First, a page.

commercial mortgage backed securities transactions. Moody's
monitors transactions on a monthly basis through two sets of
quantitative tools -- MOST (Moody's Surveillance Trends) and CMM
(Commercial Mortgage Metrics) on Trepp -- and on a periodic basis
through a comprehensive review. Moody's prior full review is
summarized in a press release dated March 8, 2012.

Deal Performance:

As of the February 15, 2013 distribution date, the transaction's
aggregate certificate balance has decreased by 2% to $1.27 billion
from $1.30 billion at securitization. The Certificates are
collateralized by 50 mortgage loans ranging in size from less than
1% to 13% of the pool, with the top ten loans representing 57% of
the pool. The pool contains five loans with investment grade
credit assessments, representing 15% of the pool.

Two loans, representing 7% of the pool, are on the master
servicer's watchlist. The watchlist includes loans which meet
certain portfolio review guidelines established as part of the CRE
Finance Council (CREFC) monthly reporting package. As part of its
ongoing monitoring of a transaction, Moody's reviews the watchlist
to assess which loans have material issues that could impact
performance.

No loans have been liquidated or are in special servicing. Moody's
did not identify any additional loans as being troubled.

Moody's was provided with full year 2011 and partial year 2012
operating results for 100% and 96% of the pool, respectively.
Moody's weighted average LTV for the conduit component is 83%
compared to 89% at last review. Moody's net cash flow reflects a
weighted average haircut of 8.8% to the most recently available
net operating income. Moody's value reflects a weighted average
capitalization rate of 9.5%.

Moody's actual and stressed DSCR for the conduit component are
1.63X and 1.25X, respectively, compared to 1.51X and 1.14X at last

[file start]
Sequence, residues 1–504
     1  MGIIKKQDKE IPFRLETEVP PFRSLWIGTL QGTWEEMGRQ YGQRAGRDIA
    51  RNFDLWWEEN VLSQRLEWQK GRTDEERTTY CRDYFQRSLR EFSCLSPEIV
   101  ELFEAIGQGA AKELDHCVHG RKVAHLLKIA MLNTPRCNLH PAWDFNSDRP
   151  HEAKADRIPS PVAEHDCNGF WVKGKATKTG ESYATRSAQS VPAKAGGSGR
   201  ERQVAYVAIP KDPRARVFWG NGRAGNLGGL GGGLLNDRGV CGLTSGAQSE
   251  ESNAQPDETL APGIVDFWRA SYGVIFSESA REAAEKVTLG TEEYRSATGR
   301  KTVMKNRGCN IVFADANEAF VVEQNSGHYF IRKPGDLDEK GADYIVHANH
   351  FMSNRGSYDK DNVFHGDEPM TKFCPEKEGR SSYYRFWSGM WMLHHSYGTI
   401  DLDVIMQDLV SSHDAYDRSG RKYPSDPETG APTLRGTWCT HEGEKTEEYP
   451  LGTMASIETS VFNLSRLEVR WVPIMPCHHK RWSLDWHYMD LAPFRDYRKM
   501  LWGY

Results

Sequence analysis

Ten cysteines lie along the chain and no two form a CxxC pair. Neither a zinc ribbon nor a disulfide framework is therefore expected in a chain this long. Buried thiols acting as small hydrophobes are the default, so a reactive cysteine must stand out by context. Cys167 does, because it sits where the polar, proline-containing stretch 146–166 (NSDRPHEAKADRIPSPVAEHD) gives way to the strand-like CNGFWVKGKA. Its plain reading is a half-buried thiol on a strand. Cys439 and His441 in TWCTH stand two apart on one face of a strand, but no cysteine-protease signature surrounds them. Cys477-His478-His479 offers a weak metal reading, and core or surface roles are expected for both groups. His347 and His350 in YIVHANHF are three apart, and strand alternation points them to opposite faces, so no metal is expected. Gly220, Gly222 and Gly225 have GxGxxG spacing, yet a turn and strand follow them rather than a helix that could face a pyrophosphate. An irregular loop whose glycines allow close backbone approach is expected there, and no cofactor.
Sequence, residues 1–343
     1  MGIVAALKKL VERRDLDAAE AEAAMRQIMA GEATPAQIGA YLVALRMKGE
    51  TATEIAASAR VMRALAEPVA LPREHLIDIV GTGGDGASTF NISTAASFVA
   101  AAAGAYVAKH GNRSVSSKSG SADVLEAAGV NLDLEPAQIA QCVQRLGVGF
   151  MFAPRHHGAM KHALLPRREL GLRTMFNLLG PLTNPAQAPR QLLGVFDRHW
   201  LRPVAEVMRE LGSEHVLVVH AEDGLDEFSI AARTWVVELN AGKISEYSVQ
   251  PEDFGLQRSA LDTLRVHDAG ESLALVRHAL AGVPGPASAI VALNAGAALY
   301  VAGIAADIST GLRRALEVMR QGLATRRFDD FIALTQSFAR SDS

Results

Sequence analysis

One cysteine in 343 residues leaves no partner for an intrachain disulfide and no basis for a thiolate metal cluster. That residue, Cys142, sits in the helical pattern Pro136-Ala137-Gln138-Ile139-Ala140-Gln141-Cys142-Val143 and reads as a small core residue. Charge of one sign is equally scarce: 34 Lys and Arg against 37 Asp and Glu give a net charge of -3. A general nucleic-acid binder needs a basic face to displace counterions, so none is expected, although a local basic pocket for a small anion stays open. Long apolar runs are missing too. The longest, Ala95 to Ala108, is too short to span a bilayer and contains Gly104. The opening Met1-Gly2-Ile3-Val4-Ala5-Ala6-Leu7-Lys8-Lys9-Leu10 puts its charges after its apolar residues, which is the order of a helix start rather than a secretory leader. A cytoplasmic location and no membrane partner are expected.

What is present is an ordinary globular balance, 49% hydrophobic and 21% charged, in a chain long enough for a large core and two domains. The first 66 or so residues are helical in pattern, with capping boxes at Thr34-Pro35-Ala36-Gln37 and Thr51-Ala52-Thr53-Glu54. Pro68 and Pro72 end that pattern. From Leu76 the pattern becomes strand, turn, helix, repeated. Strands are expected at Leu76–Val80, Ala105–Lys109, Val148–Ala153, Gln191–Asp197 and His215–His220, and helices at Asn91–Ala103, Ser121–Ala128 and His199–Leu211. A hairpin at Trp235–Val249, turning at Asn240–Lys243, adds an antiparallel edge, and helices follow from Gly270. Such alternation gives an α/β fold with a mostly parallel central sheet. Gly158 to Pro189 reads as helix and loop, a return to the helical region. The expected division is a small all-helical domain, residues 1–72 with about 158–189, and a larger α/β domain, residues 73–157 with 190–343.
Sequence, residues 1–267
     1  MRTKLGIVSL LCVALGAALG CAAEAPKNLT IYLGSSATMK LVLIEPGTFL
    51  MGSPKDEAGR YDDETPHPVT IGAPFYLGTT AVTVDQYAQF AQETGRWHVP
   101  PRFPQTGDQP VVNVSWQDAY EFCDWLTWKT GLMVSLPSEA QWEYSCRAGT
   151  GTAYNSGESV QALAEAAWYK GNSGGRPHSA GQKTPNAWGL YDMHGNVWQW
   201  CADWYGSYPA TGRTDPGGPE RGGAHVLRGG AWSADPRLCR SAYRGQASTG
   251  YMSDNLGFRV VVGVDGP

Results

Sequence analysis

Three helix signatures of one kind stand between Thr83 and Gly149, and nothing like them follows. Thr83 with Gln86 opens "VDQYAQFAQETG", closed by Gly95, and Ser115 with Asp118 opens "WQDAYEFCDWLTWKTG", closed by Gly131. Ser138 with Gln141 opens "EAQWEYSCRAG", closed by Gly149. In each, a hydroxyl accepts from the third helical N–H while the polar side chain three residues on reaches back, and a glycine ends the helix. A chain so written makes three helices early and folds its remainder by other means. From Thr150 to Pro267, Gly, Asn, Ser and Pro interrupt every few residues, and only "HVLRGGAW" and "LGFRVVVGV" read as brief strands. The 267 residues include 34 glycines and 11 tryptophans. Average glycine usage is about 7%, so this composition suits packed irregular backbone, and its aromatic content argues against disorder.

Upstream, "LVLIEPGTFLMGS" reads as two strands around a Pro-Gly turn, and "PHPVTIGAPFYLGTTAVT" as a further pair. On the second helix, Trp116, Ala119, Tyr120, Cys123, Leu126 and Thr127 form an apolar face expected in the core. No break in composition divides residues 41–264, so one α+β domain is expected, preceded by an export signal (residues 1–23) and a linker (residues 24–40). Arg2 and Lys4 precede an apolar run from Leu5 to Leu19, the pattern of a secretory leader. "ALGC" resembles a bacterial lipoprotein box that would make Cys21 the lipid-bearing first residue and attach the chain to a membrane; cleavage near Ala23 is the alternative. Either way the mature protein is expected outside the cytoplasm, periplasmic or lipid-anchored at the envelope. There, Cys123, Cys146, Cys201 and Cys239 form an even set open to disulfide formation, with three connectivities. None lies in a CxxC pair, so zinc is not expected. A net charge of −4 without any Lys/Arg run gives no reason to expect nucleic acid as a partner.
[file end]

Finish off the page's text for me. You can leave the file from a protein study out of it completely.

review. Moody's actual DSCR is based on Moody's net cash flow
(NCF) and the loan's actual debt service. Moody's stressed DSCR is
based on Moody's NCF and a 9.25% stressed rate applied to the loan
balance.

The largest loan with a credit assessment is the Borgata Ground
Leases Loan ($60.0 million -- 4.7% of the pool), which is secured
by five parcels of land underlying portions of the Borgata Hotel
Casino & Spa Complex in Atlantic City, New Jersey. The property is
leased pursuant to four separate ground leases, all of which
expire in December 2070. Performance has remained stable. Moody's
credit assessment and stressed DSCR are Baa1 and 1.03X,
respectively, the same as at last review.

The second largest loan with a credit assessment is the Westfield
Westland Mall Loan ($55.3 million -- 4.3% of the pool), which is
secured by 225,000 square feet (SF) of net rentable area (NRA)
contained within a 829,000 SF super regional mall located in
Hialeah, Florida. The mall is anchored by Macy's, Sears and JC
Penney, all of which are owned by the respective tenants and not
included in the collateral. Occupancy as of September 2012 was
97%, the same as at last review. Performance has remained stable.
Moody's credit assessment and stressed DSCR are Baa2 and 1.44X,
respectively, compared to Baa2 and 1.47X at last review.

The third largest loan with a credit assessment is the Port
Charlotte Town Center Loan ($38.8 million -- 3.1% of the pool),
which is secured by 490,000 SF of NRA contained within a 774,000
SF super regional mall in Port Charlotte, Florida. The mall
contains five anchors and a movie theater. The property is located
along Tamiami Trail (US 141). Occupancy as of September 2012 was
88% compared to 92% at last review and securitization. Moody's
credit assessment and stressed DSCR are Baa3 and 1.42X,
respectively, compared to Baa3 and 1.51X at last review.

The fourth largest loan with a credit assessment is the Showcase
Mall Phase II Loan ($22.5 million -- 1.8% of the pool), which is
secured by 42,000 SF of the Showcase Mall, a 332,000 SF retail
project fronting Las Vegas Boulevard and adjacent to the MGM. The
property is leased to two tenants (Grand Canyon Shops and Adidas)
as well as a kiosk leased to Vegas.com. Performance has remained
stable. Moody's credit assessment and stressed DSCR are Baa1 and
1.65X, respectively, compared to Baa3 and 1.58X at last review.

The fifth largest loan with a credit assessment is the Hilton
Garden Inn -- Mountain View Loan ($10.3 million -- 0.8% of the
pool), which is secured by a 160-room, full service hotel located
off of Camino Real, the main commercial thoroughfare connecting
San Jose and the San Francisco peninsula. The borrower developed
the property in 1999 for $14.2 million, excluding the value of the
land which the family has owned since 1952. Moody's credit
assessment and stressed DSCR are A2 and 2.62X, respectively,
compared to A2 and 2.24X at last review.

The top three performing conduit loans represent 26% of the pool.
The largest conduit loan is the Hollywood & Highland Loan ($163.7
million -- 12.9% of the pool), which is secured by three five-
story multi-tenant retail buildings and one six-story theater
located on Hollywood Blvd in Los Angeles, California. Tenants
include 50 retail shops, 25 restaurants/eateries, two nightclubs,
one multi-screen cinema, a grand ballroom, a bowling alley, and a